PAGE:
soome ccases, some ases, do as down wn to 0. 0.01 01 p percent erce er cent (4). This measure, meas sure, however, yields a relative result that m must ust be compared with a standard curve, meaning that AML-associated AML associated mutations cannot be quantified in absolute terms. Instead, the accuracy of the result depends on the accuracy of the standard curve (7). A new hope At the 2018 American Society of Hematology Annual Meeting, my colleagues ll at the h U University i i off C Colorado l d and I presented data on a highly specific and sensitive new assay for detecting AML-associated mutations in posttransplant bone marrow samples. Our goal? To determine MRD and predict relapse with greater certainty (8). The new assay, based on droplet digital PCR (ddPCR), can detect, track, and quantify cancer-related mutations in the blood down to a 0.01 percent variant allele frequency, which is at least equal in sensitivity to qPCR. In other cases, ddPCR has been shown to reach a sensitivity of 0.001 percent (9). Why is ddPCR is so sensitive? It partitions a blood or tissue sample into thousands of separate PCR reactions, which renders the method less sensitive to the PCR inhibitors that often plague qPCR, while also eliminating the need for a standard curve (10). To execute a ddPCR reaction, a sample is divided into 20,000 nanoliter-sized droplets, each of which contains no more than a few copies of DNA. The PCR reaction is run to endpoint separately in each droplet, amplifying the template molecules. Importantly, though, only the template molecules that contain the target sequence – for instance, an AMLassociated mutation – will be amplified. When this happens, the droplets fluoresce, and we can directly count the number of target sequences in the sample. Finally, the data is analyzed using Poisson statistics to determine the concentration of target DNA in the original sample. Unlike chimerism testing, a ddPCR-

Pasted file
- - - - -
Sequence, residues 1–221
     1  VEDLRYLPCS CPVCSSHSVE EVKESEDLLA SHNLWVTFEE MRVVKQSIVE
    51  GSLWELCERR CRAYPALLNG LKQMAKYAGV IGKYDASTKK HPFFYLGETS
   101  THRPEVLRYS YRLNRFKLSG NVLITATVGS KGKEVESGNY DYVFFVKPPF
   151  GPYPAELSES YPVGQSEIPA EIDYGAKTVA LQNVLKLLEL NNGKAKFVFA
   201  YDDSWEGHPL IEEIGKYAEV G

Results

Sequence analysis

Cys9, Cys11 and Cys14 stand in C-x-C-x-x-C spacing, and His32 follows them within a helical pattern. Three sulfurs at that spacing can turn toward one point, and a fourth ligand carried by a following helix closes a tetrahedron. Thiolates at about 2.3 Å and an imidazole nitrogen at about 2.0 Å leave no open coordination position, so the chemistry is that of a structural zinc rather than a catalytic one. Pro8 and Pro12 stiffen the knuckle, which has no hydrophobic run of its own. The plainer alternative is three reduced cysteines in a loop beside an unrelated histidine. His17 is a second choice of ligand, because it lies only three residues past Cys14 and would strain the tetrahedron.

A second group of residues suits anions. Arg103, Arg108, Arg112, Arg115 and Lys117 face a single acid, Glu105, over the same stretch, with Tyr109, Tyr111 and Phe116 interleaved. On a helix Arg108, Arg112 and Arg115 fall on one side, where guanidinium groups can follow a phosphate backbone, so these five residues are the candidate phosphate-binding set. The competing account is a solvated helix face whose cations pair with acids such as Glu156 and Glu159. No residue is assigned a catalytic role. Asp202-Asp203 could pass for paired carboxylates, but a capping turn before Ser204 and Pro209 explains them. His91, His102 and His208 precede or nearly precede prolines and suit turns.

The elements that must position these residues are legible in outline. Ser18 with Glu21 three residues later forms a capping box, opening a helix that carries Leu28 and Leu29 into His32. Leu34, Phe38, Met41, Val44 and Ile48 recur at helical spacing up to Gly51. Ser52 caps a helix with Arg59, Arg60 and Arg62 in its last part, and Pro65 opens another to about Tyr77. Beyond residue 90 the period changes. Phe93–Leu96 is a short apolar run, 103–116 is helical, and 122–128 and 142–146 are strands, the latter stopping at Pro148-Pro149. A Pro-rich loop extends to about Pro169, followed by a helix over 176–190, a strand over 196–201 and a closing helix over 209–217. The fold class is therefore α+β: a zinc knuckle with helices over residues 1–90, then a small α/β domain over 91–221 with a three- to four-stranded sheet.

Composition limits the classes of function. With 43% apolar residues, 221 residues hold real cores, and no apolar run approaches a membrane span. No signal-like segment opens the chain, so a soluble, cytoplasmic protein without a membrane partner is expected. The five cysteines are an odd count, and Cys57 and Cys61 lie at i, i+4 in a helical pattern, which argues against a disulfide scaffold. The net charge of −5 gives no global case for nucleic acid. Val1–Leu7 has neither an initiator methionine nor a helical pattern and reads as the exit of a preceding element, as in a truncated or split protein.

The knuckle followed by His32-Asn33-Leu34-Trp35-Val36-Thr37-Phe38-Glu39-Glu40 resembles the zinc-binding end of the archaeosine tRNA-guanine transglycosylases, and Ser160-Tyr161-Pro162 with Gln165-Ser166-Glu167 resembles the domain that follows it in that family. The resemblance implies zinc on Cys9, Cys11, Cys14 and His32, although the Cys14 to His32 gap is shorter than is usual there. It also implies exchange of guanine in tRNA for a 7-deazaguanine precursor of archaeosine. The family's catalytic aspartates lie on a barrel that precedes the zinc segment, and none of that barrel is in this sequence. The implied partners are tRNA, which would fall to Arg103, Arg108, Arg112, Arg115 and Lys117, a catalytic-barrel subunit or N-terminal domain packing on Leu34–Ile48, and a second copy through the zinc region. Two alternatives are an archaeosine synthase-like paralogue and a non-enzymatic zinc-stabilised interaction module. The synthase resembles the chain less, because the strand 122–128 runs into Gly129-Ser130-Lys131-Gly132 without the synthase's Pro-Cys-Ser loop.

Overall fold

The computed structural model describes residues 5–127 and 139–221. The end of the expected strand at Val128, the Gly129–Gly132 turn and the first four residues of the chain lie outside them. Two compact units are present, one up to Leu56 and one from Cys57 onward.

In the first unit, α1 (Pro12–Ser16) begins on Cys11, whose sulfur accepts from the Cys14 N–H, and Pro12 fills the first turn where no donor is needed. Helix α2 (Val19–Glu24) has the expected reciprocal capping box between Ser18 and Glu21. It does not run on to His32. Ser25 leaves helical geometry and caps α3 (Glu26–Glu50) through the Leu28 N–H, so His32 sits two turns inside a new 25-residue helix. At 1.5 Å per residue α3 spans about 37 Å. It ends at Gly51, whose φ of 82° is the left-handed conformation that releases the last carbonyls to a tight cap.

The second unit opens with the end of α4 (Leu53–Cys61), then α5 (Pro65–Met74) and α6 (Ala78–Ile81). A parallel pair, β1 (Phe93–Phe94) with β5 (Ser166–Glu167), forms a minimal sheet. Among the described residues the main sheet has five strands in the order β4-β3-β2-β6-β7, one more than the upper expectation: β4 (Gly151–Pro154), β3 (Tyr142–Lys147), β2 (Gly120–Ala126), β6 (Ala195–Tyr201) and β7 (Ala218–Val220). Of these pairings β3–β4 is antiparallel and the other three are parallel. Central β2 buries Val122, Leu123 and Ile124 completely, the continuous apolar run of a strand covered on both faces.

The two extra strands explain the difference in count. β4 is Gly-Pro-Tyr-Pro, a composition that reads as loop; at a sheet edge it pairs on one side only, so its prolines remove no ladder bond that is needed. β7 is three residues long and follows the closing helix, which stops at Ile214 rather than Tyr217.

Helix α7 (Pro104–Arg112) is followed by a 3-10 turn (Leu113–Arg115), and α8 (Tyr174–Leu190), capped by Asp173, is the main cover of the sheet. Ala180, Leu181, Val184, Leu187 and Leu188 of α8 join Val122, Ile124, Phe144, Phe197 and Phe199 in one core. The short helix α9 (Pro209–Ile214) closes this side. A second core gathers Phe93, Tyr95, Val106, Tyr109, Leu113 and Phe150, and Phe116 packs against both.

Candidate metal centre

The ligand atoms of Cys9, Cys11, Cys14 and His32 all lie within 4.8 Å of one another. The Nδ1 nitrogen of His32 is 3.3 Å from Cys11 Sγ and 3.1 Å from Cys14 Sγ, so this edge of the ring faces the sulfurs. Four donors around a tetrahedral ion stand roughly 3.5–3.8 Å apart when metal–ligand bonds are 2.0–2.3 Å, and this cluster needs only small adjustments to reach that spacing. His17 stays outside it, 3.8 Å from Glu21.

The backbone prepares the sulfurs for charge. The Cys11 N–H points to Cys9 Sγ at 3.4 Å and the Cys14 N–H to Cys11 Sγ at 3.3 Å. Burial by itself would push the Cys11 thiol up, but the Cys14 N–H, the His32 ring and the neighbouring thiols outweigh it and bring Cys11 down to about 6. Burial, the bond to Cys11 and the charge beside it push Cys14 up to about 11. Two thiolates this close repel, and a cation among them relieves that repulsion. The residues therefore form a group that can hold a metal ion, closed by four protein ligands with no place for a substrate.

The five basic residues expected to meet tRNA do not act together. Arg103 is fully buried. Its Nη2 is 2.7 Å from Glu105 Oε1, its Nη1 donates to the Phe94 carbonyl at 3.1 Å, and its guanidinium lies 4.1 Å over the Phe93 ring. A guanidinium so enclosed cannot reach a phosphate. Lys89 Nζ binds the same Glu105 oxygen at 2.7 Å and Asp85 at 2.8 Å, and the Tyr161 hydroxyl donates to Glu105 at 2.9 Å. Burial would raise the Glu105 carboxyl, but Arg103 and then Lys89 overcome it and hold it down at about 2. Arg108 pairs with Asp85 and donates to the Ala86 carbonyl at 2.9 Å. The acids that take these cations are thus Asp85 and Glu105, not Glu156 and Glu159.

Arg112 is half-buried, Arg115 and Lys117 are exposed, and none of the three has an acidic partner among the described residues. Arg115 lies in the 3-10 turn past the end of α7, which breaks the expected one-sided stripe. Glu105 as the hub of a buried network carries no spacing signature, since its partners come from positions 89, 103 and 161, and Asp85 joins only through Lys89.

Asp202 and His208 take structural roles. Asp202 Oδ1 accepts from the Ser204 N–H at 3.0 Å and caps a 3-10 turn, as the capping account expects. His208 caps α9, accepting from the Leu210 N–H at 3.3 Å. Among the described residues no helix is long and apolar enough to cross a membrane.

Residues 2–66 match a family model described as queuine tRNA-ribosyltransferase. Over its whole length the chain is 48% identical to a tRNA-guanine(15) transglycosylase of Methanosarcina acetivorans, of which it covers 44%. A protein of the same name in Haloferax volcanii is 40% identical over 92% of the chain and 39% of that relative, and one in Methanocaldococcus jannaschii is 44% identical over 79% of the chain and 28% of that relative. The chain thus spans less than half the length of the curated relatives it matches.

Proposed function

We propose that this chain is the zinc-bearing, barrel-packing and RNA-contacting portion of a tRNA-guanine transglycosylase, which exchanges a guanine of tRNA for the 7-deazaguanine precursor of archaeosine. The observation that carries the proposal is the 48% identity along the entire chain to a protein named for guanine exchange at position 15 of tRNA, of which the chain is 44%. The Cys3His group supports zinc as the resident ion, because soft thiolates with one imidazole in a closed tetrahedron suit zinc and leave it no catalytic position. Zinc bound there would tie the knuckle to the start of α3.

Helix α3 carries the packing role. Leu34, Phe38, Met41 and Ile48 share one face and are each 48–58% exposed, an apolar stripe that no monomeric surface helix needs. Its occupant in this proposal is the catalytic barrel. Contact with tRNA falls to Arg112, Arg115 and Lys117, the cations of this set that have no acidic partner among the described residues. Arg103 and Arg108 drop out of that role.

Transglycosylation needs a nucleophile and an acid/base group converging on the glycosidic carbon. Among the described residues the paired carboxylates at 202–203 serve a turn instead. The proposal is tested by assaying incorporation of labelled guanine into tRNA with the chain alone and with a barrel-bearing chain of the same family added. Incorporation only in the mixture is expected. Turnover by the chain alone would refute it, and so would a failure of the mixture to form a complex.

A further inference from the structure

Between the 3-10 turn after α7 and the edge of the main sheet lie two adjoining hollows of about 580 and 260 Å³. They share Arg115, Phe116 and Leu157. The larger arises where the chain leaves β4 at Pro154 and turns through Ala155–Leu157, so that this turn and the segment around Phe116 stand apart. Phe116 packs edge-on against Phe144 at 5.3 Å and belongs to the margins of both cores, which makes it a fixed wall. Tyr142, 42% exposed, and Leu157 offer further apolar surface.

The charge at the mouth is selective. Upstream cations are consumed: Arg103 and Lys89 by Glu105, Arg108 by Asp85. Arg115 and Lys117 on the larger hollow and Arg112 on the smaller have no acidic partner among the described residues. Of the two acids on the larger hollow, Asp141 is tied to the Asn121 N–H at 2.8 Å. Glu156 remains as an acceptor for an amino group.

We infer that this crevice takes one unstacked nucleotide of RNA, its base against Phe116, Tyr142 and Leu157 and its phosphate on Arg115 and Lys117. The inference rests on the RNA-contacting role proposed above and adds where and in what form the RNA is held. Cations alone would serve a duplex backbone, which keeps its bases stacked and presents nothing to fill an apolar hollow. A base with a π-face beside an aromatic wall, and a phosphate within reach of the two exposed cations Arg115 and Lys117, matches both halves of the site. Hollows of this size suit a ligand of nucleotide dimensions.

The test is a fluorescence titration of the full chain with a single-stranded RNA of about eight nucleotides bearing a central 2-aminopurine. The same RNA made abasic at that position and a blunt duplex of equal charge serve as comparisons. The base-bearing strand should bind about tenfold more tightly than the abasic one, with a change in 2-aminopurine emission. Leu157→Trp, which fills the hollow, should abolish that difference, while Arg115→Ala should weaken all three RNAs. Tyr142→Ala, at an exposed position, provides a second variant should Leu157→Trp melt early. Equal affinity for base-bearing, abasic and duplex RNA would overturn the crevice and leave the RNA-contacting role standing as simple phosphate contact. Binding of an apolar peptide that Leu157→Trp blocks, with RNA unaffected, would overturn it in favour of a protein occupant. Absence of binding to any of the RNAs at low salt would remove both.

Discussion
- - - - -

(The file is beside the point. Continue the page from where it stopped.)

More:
In Practice

Figure 1. ddPCR measurements of MRD largely differentiate between patients who relapse following BMT and those who do not. VAF = variant allele frequency. Asterisks denote mutations that became undetectable by ddPCR (VAF – 100%). 23 patients were MRD-negative after BMT and did not relapse (blue hatched bars). Six of these patients were MRD-negative prior to BMT and remained MRD-negative after BMT. Five patients were MRD-negative after BMT and still relapsed (red hatched bars). The rest who relapsed after BMT had one or more mutations detected by ddPCR. All of the patients who relapsed were MRD-positive prior to BMT. Patient 6 died from transplant-related causes shortly after his day 28 assessment.